The Murder Book by Jonathan Kellerman
My rating: 2 of 5 stars
Summary - "Alex Delaware's relationship with his longterm partner, Robin Castagna, is on the rocks. Still reeling from the aftershocks of the murder of one of his young clients, Alex is floored when Robin announces that she is heading off on a three month music tour in the aid of famine and child welfare.
But soon he has other things to think about. In the post, he receives a three-ring binder with gold letters on it - THE MURDER BOOK. The album is full of macabre pictures of murders taken at the scene of the crime, with brief descriptions of how, and why, the victims died. But only one picture is marked 'Not Solved' - the horrifically mutilated body of a young woman. What is the connection between this photograph and his friend, LAPD detective Milo Sturgis's past, and could the gruesome collection be the work of a police insider? If so, why has it been sent to Alex - and by whom?
I have to admit that I was a little disappointed in this book. It seemed to have such good potential but it just took so long to develop the story and some of the trails that were followed and assumptions made were just a little too far reached to me. I found myself thinking so many times "As if you'd just come to that conclusion so easily?" and this kind of annoyed me a bit. I like crime stories where the ending obviously isn't too easy to guess but I really don't like it when ridiculous conclusions are drawn to try and make the author seem super intelligent for coming up with the story because it's obvious that any normal person wouldn't even dream of making the same corrolation that they did and it just seems way too 'far out'.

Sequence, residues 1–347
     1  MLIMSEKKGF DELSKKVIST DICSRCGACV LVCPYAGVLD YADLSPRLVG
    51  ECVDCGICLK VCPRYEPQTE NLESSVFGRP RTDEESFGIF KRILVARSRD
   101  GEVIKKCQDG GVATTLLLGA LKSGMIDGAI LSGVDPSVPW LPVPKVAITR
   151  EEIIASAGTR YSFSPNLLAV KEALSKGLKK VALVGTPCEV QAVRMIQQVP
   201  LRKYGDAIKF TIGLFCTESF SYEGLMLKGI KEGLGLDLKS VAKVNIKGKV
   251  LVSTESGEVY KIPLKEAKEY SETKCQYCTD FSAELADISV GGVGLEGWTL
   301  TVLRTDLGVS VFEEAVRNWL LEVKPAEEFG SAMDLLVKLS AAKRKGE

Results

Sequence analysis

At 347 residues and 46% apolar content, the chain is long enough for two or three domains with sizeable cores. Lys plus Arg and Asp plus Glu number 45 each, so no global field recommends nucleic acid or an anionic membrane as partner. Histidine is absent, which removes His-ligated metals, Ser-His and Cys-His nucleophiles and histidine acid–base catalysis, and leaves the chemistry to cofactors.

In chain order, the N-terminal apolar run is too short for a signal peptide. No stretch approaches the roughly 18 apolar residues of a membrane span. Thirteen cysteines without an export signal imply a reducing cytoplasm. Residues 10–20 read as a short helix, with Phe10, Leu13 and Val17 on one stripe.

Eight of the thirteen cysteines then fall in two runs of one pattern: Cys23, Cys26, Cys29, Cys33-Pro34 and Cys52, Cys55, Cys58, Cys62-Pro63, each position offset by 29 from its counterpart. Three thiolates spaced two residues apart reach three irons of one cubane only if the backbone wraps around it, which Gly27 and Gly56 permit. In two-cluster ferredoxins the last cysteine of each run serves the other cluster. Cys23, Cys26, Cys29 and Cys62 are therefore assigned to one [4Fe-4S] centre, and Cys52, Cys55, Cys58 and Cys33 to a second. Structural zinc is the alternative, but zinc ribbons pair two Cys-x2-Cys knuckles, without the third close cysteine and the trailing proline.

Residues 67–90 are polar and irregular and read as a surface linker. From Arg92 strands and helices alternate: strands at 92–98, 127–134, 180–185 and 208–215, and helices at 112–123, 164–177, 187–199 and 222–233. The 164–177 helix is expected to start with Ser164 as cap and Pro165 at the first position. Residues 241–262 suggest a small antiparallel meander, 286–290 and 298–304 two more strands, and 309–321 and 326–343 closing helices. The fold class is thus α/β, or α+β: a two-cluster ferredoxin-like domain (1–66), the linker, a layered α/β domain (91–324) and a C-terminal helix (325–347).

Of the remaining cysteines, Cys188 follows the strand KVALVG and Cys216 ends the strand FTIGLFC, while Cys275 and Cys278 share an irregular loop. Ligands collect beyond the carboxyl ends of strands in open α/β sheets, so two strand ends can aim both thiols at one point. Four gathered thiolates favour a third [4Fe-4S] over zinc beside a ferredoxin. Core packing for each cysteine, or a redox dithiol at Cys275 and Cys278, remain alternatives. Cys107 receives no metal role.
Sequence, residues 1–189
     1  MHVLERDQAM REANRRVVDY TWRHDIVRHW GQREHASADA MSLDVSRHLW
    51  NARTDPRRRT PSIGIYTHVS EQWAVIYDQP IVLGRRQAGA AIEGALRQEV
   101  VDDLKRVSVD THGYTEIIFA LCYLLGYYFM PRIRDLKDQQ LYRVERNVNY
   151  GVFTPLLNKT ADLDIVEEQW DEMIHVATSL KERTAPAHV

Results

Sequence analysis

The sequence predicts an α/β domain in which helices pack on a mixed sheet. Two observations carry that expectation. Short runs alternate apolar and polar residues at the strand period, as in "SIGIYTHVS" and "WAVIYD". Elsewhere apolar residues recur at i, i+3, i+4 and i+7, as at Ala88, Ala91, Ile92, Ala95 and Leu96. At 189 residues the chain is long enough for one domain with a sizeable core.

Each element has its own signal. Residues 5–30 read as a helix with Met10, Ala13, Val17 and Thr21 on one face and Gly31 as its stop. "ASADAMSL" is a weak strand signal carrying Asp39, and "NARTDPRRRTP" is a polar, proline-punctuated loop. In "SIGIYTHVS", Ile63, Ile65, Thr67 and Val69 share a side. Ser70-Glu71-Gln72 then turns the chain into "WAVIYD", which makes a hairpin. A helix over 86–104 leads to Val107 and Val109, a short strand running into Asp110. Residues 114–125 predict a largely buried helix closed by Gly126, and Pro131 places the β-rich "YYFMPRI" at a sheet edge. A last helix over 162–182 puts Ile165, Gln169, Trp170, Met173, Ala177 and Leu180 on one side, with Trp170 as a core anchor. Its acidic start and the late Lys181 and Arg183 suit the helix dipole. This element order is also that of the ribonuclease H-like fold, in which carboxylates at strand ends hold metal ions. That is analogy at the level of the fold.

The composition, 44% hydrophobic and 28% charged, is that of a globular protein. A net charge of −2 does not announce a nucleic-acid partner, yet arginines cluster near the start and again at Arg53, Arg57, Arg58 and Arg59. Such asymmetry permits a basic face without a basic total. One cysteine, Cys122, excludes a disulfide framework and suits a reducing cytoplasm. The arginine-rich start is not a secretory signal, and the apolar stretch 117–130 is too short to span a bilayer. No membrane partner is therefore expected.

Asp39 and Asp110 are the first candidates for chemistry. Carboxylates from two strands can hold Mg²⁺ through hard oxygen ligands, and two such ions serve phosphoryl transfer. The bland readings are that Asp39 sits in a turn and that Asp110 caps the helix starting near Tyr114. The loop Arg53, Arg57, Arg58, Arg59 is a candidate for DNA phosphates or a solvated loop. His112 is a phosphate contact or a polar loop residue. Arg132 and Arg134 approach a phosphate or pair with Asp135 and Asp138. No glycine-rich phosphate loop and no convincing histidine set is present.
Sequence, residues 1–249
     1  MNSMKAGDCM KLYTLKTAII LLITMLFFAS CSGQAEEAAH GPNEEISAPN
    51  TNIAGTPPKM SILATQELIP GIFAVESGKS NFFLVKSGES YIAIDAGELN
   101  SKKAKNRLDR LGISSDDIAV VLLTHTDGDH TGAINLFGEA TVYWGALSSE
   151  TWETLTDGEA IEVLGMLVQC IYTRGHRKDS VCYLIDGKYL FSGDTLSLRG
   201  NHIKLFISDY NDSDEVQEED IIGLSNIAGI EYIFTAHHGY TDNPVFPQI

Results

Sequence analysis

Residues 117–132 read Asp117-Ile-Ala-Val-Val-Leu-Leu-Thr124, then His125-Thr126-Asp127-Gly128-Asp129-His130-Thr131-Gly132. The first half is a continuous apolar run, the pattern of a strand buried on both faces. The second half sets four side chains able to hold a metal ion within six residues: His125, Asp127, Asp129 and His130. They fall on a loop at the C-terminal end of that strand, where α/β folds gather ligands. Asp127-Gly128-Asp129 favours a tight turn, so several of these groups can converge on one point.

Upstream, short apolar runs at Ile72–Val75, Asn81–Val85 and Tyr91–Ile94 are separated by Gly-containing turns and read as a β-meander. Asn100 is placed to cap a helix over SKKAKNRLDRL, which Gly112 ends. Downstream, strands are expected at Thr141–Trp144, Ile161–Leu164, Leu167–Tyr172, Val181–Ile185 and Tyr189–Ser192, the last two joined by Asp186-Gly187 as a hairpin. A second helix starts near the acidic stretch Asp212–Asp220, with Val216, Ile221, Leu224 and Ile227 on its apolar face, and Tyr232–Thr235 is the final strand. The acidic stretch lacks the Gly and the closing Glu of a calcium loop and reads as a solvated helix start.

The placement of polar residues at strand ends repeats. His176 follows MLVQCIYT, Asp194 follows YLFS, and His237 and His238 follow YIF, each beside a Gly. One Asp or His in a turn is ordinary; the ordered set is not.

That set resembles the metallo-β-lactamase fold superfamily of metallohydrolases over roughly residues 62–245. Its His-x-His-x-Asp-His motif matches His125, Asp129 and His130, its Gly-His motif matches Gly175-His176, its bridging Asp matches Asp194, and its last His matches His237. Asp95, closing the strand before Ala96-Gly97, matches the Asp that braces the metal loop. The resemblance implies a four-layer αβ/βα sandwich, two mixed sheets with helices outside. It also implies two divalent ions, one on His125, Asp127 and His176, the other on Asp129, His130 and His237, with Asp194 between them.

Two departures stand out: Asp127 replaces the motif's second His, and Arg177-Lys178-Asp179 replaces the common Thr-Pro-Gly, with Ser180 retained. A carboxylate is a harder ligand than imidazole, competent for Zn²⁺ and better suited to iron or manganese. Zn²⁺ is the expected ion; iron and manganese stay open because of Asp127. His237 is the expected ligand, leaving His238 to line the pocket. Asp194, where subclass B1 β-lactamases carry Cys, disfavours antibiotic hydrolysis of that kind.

The lead character, Alex Delaware, seems to have lacked any 'oomph' in this book and was kind of depressed during most of the story. His friend, Milo Sturgis seems to be a bit of a confusing character. He somehow comes across as a bit of a soft pushover in one way but then can be a hard police officer in another.
The story did finally pick up in the last 80 pages or so and the pace that it sets from that point was what I would have loved to be the pace for the whole book. I finally got interested towards the end once the truth started being uncovered and all the twists started coming together but the whole experience of reading this book felt a bit like a horse taking off real slow so that it doesn't get too tired and then finally making a sprint when it finally sees the finish line. Because of this slow pace I really struggled to get into this book for the most part and almost had to bribe myself just to keep picking it up to continue reading. I prefer stories that grab you from the start and keep up a good pace so that you feel a full-on need to keep reading.
If you're a Jonathan Kellerman fan and have gotten into his previous Alex Delaware books you may enjoy this a bit better than me. Overall, if you look beyond the slow starting pace it did have the foundations of a good crime story.
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